How to buy shares in Celtic

Find out Celtic share price, and how to buy shares in one of Scotland's most successful football teams

Founded in 1887, Celtic is one of the most successful clubs in Scotland having won the Scottish league championship an impressive 51 times.

Nicknamed the “bhoys” or “Hoops”, the famous green and white outfit is its trade at Celtic Park in Parkhead Glasgow, and is one of just five teams in the world to have amassed over 100 trophies in its locker.

With a valuation of £94m Celtic, was ranked 48th in the list of most valuable football brands by Brand Finance in July 2020. The largest shareholder is Irish businessman Dermot Desmond, who effectively has control of the club.

Celtic is listed on the London Stock Exchange (LSE) and has the ticker name of CCP. This guide will explain how to invest in the club and the risks and rewards of doing so.

How to buy shares in Celtic

Celtic is a Public Limited Company (PLC) and it is listed on the London Stock Exchange. This means buying shares is fairly straightforward. Simply follow the steps below to become a shareholder.

  1. Choose a broker or trading platform. Different platforms have different fees and account options, so it’s important you pick the one that best suits your investing needs. You can compare a range of share-trading platforms that let you invest in football clubs below.
  2. Open a share-trading account. Once you’ve selected which broker or platform you’d like to use, you’ll need to open an account with a share-trading platform or broker to start investing.
  3. Deposit funds. All brokers will let you deposit in pounds, then will either convert your funds into US dollars or leave them as pounds. If your funds are left in pounds, it’s likely you’ll need to pay a foreign exchange fee on each trade, which can end up costing more overall.
  4. Buy football club shares. Once your account is set up and funded, you can begin buying and selling shares.

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Celtic share price

When it comes to investing, the share price of listed football clubs should in theory be driven by the same as any other share; future profit outlook, as well as supply and demand.

Despite missing out on winning the Scottish league championship for a tenth year in a row in the 2020/21 season, Celtic has dominated domestic football for the last decade.

However, relinquishing the Scottish Championship to arch-rival Rangers has been a jolt, leading to manager Neil Lennon leaving the club. After a spell searching for a new manager, in June it was announced Ange Postecoglou had taken the reins. The former boss of Australia’s national team joined from Yokohama F Marinos in Japan on a 12-month rolling contract.

However, Nick Train, a fund manager at Lindsell Train Limited – a substantial shareholder in Celtic – said short term performance on the field is not a major concern to him when investing.

“The allure to us of live sports franchises is the loyal fan base that is more valued by advertisers than almost any other entertainment medium,” said Train. “Out of a universe of 12 quoted soccer clubs we own three unique franchises; Juventus, Manchester United and Celtic, which all could be readily described as national icons.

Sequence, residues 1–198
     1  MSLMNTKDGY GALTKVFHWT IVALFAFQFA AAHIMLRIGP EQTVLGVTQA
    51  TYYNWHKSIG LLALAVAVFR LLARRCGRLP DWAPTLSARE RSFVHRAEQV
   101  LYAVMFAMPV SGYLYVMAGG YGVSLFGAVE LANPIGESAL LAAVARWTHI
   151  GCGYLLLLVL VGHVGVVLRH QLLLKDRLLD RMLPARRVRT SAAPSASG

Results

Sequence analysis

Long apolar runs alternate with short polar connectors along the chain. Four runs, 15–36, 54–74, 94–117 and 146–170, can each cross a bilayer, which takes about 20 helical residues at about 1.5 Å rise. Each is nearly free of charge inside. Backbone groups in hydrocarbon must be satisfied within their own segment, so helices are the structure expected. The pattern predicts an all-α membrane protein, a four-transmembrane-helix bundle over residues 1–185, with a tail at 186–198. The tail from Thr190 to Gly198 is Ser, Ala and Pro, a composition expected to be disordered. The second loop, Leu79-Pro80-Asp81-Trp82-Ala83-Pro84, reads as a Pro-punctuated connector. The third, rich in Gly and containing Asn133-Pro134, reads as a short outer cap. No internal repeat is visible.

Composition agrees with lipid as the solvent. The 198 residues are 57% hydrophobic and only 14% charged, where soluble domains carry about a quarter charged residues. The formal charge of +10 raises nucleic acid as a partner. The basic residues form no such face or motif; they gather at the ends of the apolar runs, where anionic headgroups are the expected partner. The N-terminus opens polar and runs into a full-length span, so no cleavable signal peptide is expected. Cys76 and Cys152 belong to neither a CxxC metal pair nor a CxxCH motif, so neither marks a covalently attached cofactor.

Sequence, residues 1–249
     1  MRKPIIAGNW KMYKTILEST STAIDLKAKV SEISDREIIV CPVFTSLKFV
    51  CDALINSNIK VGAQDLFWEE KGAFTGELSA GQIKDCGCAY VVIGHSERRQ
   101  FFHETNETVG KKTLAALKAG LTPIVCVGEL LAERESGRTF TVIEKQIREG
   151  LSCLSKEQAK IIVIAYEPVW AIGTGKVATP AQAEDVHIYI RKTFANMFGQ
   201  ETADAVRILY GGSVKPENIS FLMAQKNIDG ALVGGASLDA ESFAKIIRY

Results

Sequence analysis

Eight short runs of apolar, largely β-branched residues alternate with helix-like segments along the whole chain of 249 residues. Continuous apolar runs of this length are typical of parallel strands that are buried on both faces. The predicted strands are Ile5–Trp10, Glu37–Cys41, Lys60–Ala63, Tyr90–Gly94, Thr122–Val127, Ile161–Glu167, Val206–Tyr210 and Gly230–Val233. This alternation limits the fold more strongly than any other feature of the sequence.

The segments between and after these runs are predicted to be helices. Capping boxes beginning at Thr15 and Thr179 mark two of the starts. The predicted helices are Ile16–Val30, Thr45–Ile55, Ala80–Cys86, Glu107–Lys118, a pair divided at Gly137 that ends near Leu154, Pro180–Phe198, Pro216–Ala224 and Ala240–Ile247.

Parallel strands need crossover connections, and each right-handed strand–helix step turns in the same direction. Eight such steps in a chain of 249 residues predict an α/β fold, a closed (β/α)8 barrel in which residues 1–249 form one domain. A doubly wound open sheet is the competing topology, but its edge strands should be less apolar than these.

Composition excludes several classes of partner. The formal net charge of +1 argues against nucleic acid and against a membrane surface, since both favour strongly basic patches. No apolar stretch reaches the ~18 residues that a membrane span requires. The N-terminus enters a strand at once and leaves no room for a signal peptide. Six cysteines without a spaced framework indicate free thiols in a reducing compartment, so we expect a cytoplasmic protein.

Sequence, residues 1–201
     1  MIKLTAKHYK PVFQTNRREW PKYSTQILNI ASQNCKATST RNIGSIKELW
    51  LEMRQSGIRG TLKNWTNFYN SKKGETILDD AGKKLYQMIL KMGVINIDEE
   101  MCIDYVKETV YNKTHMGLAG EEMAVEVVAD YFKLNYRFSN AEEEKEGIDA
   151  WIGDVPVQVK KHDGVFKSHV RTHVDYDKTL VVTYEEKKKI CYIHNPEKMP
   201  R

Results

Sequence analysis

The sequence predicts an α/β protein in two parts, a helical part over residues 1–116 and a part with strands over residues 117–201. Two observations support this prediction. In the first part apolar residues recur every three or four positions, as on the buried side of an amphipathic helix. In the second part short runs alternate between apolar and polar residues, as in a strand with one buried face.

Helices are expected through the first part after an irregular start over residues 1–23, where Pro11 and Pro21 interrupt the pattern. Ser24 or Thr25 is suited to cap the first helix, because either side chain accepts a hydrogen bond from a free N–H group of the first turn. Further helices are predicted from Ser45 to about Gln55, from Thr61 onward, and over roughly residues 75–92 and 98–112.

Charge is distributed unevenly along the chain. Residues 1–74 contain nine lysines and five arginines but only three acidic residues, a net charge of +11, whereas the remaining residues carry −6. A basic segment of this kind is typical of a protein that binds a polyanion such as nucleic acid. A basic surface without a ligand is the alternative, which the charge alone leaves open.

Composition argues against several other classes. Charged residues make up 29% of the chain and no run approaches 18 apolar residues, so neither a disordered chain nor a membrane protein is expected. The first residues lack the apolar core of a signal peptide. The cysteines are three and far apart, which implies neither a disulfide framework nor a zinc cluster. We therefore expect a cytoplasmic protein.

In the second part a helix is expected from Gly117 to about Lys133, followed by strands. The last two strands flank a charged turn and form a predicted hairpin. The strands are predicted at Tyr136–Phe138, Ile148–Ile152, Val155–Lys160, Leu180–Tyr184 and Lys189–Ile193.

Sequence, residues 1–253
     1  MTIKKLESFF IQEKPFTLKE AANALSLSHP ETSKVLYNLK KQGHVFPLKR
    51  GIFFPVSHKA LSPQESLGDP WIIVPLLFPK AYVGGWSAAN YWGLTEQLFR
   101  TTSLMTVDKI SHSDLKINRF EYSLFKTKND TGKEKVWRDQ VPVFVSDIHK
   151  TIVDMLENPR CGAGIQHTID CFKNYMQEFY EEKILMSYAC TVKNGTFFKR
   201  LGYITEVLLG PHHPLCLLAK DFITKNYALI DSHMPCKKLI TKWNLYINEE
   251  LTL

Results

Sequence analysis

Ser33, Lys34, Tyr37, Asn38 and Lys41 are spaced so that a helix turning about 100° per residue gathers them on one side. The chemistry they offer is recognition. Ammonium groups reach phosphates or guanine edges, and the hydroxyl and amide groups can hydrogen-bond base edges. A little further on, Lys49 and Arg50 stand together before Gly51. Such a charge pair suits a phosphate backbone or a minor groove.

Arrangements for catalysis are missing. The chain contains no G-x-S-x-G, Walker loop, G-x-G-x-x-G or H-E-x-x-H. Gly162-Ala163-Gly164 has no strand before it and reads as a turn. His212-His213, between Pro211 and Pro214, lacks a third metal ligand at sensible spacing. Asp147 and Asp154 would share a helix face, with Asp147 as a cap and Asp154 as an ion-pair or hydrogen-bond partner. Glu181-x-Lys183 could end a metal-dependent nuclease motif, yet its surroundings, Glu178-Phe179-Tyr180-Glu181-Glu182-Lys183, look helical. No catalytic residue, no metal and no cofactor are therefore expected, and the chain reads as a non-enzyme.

“Celtic’s heritage stretches back to 1887 and, with Rangers, dominates Scottish football. Its stadium draws regular crowds of ~60,000 supporters matching the top English Premier League clubs.”

Take a look at Celtic’s share price performance over the last three months on the graph below. It’s always important to remember past performance is no indication of future results.

Alternative ways to invest in Celtic

If you’d prefer not to invest directly in Celtic, you could invest in some of its sponsors or global partners. Football club sponsors provide funds directly to football clubs to buy new kit and equipment as well as travel to games.

Risks of buying Celtic Shares

If the Covid crisis has taught us anything, it is to expect the unexpected. When it comes to football, the thought of watching an entire season with no fans in the stadiums would have been barely believable two years ago, but it happened.

While the long-term consequences of the Covid shutdown on football clubs is still uncertain, for investors such as Train, when it comes to taking a stake in the world’s largest sports franchises, it is crucial to try and shut out the noise.

Train adopts what is known as a long-term approach to investing. This means when he buys a company, he is prepared to wade out any short-term market moves (known as volatility) and invest for a period of three or more years. This means results on the field and recent scandals such as the European Super League, do not not overly influence his decision to buy or sell. This is something he says all investors should bear in mind when considering buying shares in a football club.

Celtic history

Boasting 51 domestic league titles, 40 Scottish Cups and 19 Scottish League Cups, Celtic has a long history of domestic success. But in 1967, under legendary manager Jock Stein, the club won its most prestigious prize, when the Hoops became the first British team to win the European Cup.

Beating Internazionale (Inter Milan) 2-1 in Lisbon, Portugal, this team is affectionately referred to as the ‘Lisbon lions’. Remarkably, every member of this team was born within 30 miles of Parkhead. Celtic remains the only Scottish team to have reached the final of Europe’s flagship club event.